New Jersey Governor Chris Christie and the U.S. Energy Secretary, Ernest Moniz, have announced a federal-state partnership in which the federal government will spend $1 million to develop a smart grid designed to keep NJ Transit’s trains running even during power outages. The system they implement is one that they hope can then be adopted for transit networks throughout the United States. The two governments will work with bioenergy and biodefense company Sandia National Laboratories. The technology meant to be implemented into this particular smart grid is currently military technology, and, if the project proceeds, it will be the first non-military implementation.
The initiative is, of course, being developed with Superstorm Sandy in mind. At the project’s announcement, held at Secaucus Junction train station, Governor Christie said that the storm and its aftermath would be a wasted opportunity if they failed to learn anything from it and failed to use the technology and intellect that the country has to offer to prevent that aftermath the best that they can. Although it was revealed that the federal government would put $1 million toward the project, the total price tag has not been revealed. Christie did mention that their goal was to get the project done as quickly as possible and Moniz reminded the audience that Sandy caused about $65 million in damage. With climate scientists warning about the rising sea levels, Moniz pressed the importance of rebuilding the damage quickly and stronger than it was before. Although climate change issues were brought up, Christie has mentioned before that climate change was not a main concern to him in relation to Sandy. He did not mention it at the project’s announcement.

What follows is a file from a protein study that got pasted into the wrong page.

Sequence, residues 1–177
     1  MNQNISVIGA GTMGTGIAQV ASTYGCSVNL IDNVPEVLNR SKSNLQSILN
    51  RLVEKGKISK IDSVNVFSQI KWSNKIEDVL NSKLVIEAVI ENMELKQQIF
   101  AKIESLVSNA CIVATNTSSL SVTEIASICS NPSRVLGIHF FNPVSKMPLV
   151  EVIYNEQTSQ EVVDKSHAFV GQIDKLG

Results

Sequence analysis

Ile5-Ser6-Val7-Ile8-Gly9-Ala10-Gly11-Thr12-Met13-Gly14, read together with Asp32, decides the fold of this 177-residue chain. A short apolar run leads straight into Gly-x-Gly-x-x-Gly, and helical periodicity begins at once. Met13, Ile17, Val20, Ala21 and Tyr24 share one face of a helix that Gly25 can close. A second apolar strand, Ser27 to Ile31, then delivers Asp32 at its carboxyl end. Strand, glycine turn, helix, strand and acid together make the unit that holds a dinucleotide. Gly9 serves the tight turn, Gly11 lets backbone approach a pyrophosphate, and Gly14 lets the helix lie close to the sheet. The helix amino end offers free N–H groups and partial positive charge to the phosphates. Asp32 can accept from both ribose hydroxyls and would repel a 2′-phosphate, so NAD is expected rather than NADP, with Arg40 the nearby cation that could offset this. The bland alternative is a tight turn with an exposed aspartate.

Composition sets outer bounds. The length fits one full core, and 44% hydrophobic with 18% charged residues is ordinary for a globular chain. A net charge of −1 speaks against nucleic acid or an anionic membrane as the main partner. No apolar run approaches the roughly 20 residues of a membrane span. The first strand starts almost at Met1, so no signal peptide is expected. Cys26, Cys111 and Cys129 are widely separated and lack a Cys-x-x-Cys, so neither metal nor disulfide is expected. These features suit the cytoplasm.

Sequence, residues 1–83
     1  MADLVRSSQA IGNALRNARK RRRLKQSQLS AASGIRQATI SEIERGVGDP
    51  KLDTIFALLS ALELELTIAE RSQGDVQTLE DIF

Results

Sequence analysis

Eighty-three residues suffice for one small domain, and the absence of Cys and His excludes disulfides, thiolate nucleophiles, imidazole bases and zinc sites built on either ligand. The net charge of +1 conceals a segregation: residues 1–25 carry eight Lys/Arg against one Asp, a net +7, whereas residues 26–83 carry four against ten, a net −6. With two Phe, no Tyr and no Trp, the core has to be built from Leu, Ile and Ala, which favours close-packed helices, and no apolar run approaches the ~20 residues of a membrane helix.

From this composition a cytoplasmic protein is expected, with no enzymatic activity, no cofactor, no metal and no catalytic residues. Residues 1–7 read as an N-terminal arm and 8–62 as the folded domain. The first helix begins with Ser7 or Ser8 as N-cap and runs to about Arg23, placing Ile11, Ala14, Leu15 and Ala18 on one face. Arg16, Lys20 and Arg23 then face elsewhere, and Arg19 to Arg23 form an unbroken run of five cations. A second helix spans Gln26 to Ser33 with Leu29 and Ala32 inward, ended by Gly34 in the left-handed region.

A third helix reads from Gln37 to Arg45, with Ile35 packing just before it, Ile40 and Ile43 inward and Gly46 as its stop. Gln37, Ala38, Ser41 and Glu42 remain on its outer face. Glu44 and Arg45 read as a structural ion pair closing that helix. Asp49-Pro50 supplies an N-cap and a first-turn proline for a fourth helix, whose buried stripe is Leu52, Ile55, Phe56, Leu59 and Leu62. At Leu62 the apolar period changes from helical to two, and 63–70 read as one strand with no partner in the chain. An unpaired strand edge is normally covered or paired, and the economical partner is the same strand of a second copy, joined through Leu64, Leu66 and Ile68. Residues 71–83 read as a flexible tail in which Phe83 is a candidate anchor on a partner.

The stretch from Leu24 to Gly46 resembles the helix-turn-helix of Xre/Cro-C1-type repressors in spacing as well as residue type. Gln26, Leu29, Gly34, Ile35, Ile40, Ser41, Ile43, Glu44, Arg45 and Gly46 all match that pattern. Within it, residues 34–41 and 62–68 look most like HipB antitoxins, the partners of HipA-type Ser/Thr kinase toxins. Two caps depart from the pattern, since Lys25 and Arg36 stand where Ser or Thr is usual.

Sandia plans to implement the “energy surety design methodology” in the project, a feature the company has designed with the purpose of evaluating regional energy needs and providing solutions meant to make them more reliant and resilient. The smart grid feature of the design implements energy from various sources, including renewables such as solar and wind, as well as generators and power storage.
Read the full article here: Christie, Energy Secretary Tout ‘Smart Grid’ Plan for NJ Transit